Students Present Projects at Virginia Council of Graduate Schools Research Forum
Eight Old Dominion University graduate students showed off their research at a statewide graduate research forum in Richmond on Thursday, Feb. 3.
The Virginia Council of Graduate Schools Research Forum featured students from Virginia's 13 public colleges and universities, and was held at the Library of Virginia. The 60 students in all presented their research and scholarship to members of the Virginia General Assembly and their staffs, other members of state government, industry representatives, faculty and administrators from across the commonwealth, and the general public.
Much of the research aligns with the priorities of the Virginia Economic Development Partnership, demonstrating the critical link between university research and the economic development of the commonwealth and the well-being of its citizens.
Brenda Neumon Lewis, ODU's associate vice president for graduate studies, said the forum is valuable for both the students and the university.
"It is an opportunity for a broad spectrum of individuals to see the good work that is being done at ODU, and to understand that graduate-level research is not just an intellectual exercise but is the source of new knowledge that can provide the answers to many of the challenges we face in the commonwealth and nationally," she said.
ODU's delegation comprised students from all six academic colleges.
Melodee Baines, a doctoral student in international studies, presented her project, "Women, Illiteracy and Public Participation: Barriers to Transforming Governance in Arab States?"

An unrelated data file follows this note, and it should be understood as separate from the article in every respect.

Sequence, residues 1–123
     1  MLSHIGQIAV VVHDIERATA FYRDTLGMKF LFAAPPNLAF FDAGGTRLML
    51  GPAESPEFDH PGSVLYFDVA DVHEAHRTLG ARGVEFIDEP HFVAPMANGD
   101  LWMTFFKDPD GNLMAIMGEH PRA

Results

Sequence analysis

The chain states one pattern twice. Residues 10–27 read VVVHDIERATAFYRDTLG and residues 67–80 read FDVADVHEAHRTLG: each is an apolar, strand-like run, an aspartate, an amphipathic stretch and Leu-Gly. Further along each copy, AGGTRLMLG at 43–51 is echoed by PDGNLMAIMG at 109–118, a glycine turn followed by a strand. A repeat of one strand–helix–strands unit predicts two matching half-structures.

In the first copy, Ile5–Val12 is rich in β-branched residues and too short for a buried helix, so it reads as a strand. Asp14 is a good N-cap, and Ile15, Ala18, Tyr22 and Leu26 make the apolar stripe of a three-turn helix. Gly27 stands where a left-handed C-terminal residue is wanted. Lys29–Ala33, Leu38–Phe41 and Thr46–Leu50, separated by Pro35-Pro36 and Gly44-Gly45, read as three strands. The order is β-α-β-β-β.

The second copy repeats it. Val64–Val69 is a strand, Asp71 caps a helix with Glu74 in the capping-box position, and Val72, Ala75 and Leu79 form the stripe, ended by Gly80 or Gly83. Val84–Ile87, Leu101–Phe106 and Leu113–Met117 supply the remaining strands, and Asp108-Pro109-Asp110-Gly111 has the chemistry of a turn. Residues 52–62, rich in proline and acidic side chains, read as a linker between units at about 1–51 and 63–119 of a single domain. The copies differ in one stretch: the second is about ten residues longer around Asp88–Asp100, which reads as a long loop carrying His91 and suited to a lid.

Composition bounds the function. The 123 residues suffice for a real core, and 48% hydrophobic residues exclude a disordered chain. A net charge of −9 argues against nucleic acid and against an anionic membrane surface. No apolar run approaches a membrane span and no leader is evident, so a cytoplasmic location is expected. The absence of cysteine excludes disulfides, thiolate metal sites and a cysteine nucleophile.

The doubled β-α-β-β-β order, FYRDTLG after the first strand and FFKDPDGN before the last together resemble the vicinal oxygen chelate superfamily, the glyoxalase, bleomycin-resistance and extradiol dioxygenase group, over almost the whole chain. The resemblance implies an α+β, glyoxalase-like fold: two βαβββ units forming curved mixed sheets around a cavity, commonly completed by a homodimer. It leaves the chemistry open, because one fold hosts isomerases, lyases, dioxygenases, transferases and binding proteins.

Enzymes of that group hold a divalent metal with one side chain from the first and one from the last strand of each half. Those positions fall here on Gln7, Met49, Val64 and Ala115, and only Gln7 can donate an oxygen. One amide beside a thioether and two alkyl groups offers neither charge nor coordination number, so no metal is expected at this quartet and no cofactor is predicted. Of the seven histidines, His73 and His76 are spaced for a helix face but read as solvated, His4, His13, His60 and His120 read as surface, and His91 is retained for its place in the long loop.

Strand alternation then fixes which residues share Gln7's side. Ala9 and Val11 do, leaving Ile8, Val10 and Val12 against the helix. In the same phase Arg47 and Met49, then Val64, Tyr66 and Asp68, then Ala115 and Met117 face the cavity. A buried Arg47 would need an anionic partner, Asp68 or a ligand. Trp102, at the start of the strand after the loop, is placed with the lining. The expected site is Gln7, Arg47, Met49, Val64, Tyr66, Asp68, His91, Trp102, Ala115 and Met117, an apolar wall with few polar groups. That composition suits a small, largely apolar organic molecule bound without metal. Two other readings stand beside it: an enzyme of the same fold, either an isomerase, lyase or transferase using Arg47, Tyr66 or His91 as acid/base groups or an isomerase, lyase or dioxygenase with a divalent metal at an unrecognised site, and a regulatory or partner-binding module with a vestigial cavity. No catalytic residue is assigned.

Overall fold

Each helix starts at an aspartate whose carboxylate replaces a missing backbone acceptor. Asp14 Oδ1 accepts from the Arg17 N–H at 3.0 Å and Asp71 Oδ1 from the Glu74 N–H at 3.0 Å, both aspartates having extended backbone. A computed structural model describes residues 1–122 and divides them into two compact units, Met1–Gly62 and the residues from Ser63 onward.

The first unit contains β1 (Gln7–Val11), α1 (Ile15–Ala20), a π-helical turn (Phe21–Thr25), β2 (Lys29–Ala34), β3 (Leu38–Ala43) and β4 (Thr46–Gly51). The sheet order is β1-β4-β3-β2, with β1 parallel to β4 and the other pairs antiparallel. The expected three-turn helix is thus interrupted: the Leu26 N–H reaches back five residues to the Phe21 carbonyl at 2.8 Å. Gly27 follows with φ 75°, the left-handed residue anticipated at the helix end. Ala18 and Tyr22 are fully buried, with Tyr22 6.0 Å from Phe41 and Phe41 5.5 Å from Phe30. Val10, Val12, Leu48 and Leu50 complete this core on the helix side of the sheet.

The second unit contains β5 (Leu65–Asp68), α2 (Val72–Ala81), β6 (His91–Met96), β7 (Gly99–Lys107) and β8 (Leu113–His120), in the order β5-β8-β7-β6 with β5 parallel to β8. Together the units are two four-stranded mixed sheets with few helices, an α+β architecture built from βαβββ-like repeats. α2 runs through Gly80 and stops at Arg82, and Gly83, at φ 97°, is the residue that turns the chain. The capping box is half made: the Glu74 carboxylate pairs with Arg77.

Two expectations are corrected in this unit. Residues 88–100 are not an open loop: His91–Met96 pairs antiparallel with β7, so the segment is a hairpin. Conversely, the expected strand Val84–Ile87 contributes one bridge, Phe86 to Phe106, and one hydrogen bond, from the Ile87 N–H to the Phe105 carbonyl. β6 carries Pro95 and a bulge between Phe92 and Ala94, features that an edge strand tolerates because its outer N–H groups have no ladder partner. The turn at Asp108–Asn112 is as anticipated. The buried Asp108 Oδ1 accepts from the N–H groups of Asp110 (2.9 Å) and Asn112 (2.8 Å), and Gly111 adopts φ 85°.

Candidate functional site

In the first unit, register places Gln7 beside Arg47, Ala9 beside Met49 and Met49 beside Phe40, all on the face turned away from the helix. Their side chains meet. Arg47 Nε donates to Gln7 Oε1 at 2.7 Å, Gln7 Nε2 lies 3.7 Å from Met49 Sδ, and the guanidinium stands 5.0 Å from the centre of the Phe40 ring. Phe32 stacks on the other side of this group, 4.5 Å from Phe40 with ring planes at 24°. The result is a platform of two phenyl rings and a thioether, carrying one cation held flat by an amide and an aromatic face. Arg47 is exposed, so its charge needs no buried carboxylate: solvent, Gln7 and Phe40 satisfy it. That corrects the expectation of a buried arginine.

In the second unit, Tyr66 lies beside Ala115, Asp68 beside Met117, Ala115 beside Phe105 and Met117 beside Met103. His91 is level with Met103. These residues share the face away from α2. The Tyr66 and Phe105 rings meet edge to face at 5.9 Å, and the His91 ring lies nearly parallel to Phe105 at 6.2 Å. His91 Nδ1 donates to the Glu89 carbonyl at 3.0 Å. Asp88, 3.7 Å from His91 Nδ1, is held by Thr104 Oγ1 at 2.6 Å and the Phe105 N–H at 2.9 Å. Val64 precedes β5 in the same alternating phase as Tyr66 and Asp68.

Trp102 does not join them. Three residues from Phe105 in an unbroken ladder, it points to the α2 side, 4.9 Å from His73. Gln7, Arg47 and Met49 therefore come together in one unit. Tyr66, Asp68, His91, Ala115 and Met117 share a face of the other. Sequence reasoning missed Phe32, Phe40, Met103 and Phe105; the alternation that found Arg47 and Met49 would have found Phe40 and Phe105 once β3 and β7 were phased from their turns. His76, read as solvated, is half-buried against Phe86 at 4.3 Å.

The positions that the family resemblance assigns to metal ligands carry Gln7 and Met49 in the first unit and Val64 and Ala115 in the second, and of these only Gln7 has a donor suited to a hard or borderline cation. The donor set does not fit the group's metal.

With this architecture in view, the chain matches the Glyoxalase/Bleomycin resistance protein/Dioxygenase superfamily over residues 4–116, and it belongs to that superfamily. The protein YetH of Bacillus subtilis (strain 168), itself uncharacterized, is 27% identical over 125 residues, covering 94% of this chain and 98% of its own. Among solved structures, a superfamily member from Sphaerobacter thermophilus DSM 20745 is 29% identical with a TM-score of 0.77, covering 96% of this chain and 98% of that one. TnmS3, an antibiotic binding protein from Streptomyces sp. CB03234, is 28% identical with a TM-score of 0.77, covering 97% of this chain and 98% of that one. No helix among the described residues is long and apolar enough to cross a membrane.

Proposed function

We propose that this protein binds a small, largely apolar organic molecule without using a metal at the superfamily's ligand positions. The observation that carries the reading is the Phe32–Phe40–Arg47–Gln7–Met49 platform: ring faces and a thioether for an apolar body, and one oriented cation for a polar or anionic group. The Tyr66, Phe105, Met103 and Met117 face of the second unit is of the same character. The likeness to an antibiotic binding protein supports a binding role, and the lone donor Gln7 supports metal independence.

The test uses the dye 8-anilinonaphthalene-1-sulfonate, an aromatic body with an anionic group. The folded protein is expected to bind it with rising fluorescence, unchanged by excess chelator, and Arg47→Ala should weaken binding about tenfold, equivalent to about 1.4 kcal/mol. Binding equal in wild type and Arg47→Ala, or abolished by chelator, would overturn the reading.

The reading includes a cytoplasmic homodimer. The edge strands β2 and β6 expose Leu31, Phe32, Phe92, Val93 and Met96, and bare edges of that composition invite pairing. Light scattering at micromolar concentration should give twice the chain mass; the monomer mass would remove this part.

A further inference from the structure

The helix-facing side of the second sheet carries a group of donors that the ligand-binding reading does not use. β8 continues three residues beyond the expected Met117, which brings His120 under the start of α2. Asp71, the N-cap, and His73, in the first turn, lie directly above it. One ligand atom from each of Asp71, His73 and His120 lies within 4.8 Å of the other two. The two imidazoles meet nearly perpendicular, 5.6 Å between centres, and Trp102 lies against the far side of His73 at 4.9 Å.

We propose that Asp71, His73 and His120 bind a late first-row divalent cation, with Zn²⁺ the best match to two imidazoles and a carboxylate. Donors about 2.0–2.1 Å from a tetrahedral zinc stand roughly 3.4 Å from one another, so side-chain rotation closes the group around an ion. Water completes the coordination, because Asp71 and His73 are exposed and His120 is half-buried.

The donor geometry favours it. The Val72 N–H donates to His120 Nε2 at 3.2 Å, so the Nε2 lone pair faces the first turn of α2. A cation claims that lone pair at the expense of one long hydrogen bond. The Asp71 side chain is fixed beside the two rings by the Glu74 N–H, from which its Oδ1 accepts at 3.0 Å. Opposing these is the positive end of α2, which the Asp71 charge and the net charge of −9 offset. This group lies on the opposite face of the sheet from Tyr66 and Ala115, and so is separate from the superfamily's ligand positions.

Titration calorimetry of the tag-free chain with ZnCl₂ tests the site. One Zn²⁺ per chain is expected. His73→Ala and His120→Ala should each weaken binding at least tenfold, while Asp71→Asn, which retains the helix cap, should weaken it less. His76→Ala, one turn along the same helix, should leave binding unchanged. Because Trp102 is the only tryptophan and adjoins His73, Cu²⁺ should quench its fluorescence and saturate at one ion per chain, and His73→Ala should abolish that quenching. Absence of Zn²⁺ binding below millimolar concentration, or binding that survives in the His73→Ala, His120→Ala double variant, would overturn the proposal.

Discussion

Baines, 30, who is from Damascus, Md., said the multidisciplinary nature of her research made a forum where she could see other top graduate research especially valuable.
"The fact is, with a multidisciplinary project, inspiration can come from a lot of different sources," she said.
Rifat Aras, a doctoral student in modeling, simulation and visualization engineering, presented his project, "Comparison and Analysis of a Queuing Based Traffic Control Strategy." It involves a study of the best method of ensuring traffic flow with better-timed green lights at congested intersections.
He also understands the value of a multidisciplinary forum such as this. "It's very important to see what other graduate students are working on," said Aras, who is from Ankara, Turkey. "It can help focus and inspire my research."
The following ODU students also presented their research projects:
- Beth McHose, M.S. student, communication sciences and disorders - "Word Production Treatments for Anomia and Apraxia of Speech";
- Michael A. Brown Sr., Ph.D. student, public administration and urban policy, international business - "Social Networking and Individual Perception: Examining Predictors of Participation";
- Elaine Blount, Ph.D. student, modeling and simulation - "The Implications of Modeling Physical Fitness in a Tactical Simulation";
- Jewel S. Goodman, Ph.D. graduate, health services research - "Using the Andersen Behavioral Model of Health Services Use to Examine Adult Uninsured Patient Health Services Use at a Community Health Center";
- Brandon J. Rowan, M.S. student, biological sciences - "Finding Animal Reservoirs in the Chesapeake Bay for the Striped Bass Pathogens Mycobacterium shottsii and Mycobacterium pseudoshottsii"; and
- Tabetha Sundin, Ph.D. student, biomedical sciences - "Chemopreventives, a Critical Factor in Reducing the Economic Burden of Cancer."
The Virginia Council of Graduate Schools promotes the benefits of graduate education to the commonwealth of Virginia. VCGS is composed of 13 public colleges and universities from across Virginia: Christopher Newport University, College of William and Mary, George Mason University, James Madison University, Longwood University, Norfolk State University, Old Dominion University, Radford University, University of Mary Washington, University of Virginia, Virginia Commonwealth University, Virginia State University and Virginia Tech.
This article was posted on: February 3, 2011
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